had stopped responding to his tantrums and had learned how to tell him what
he must do and why. Ganesh’s vocabulary and grammar
exploded because he could communicate just what he wanted in sentences.
He could quietly play by himself on the computer (with remarks but no pants,
as most boys his age do), and he even played “air guitar.” He grinned at
using a fork and spoon, and proudly ate huge portions neatly at the table, a
first for him.Better, Ganesh shared
voluntarily—is popup books, identifying things and even emotions in
pictures, and horseplay with his father. When we confirmed what he saw
and heard himself, his thoughts and laughter came like lightning. He is
possibly the quickest child I have ever worked with."
this heart warming short video about Trace, a 10 year old boy diagnosed with
autism and ADHD and Ashley, his 9 year old sister
with autism - both who responded
amazing to AIT!
Read About Trace and Ashley William's AIT Success Story
by Connie Soles, AIT Practitioner,
"Ashley was almost 9 years old and
her brother Trace was 10 1/2 when they first arrived with a large set of
challenges, not “simple” autism alone. Trace’s ADHD kept him from
concentrating to develop coherent language skills, and incomplete thoughts
leaped from him like sparks. Ashley rarely spoke or responded because of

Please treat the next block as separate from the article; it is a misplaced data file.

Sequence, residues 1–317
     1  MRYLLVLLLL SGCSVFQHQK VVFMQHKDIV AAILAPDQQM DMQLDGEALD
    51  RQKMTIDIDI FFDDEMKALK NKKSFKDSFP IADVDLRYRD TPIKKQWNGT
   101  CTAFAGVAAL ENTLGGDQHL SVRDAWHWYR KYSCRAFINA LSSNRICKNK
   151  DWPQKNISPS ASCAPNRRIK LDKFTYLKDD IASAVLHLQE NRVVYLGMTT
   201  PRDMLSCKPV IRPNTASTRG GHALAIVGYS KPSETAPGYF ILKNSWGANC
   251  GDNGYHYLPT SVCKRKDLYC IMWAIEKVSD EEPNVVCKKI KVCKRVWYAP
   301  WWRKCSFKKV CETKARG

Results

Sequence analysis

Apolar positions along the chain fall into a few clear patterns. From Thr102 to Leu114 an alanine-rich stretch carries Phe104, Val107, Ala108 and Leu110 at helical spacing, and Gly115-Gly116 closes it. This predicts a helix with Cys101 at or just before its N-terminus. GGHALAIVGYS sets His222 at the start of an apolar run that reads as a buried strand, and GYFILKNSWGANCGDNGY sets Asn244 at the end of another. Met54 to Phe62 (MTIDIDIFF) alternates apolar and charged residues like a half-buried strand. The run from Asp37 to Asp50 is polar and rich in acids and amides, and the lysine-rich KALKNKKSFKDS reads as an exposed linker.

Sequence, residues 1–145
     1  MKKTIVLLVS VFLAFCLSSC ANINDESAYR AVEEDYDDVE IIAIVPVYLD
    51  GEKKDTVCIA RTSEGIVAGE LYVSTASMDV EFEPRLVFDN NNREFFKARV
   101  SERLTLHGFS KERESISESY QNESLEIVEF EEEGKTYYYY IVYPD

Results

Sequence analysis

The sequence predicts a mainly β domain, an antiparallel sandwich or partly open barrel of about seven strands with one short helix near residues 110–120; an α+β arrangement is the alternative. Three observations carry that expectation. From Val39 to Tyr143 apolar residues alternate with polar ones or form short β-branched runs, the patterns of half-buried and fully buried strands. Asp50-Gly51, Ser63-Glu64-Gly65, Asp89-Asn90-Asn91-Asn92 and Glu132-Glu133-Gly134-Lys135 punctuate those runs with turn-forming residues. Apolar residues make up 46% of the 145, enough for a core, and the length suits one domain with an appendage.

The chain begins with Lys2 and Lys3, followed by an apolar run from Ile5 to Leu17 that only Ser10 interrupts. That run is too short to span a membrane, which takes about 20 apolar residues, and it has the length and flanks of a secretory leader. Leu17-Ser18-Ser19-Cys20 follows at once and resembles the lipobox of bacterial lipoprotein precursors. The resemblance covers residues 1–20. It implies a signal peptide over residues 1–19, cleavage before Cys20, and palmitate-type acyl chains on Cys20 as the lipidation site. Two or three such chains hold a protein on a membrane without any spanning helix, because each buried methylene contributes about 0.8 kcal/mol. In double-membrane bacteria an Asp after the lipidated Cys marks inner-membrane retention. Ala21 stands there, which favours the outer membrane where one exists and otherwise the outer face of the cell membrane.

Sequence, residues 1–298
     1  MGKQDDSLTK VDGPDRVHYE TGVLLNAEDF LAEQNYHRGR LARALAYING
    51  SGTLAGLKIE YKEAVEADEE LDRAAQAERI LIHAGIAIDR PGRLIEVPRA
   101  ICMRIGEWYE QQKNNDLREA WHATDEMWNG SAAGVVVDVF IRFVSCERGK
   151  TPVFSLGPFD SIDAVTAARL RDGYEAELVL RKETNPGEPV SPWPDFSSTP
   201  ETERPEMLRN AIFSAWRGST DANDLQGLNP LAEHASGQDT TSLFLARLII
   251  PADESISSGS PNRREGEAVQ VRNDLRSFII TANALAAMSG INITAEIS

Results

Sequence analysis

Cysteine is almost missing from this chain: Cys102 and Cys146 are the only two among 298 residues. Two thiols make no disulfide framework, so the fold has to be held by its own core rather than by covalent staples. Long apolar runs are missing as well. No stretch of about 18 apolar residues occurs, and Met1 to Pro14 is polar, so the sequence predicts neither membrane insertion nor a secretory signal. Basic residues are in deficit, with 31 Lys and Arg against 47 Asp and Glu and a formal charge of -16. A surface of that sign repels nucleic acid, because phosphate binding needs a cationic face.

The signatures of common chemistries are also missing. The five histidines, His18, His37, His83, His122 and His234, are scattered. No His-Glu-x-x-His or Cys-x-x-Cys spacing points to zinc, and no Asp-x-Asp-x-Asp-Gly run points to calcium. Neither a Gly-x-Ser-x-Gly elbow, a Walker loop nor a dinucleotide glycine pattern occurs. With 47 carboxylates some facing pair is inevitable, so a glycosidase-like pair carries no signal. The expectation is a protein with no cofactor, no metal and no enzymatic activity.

poor conceptualizing — when asked to pick up a yellow ball she apparently lacked
the concept of a ball, much less a yellow one. And neither one of them was potty
But a few
AIT sessions later their growth seemed miraculous. Suddenly they
could both multitask; at the same time they listened to the AIT disks, both of
them could concentrate enough to draw and spell. Their mother remarked that for
the first time Trace was drawing things she could recognize, and Ashley was
proud of being able to color inside the lines and assign colors to keep track of
different objects. “Conventional Wisdom” has it that multiple tasks split a
child’s attention. But these were autistic siblings; an invitation to these
tasks not only piqued their interest in the sessions, it also eliminated any
wrangling over who had their mother with them by placing her in the
“nontreatment room". They now showed two new expressions — concentration while
working and smiles at their results.
Soon both of them branched out.
Ashley loved solving puzzles, and Trace made a variety of designs with lots of
things — even candy, which was replaced in the jar instead of eaten. When one of
them was in a session, the other had no trouble thinking of things to do and
even talk about. Trace no longer went off in three directions at once, and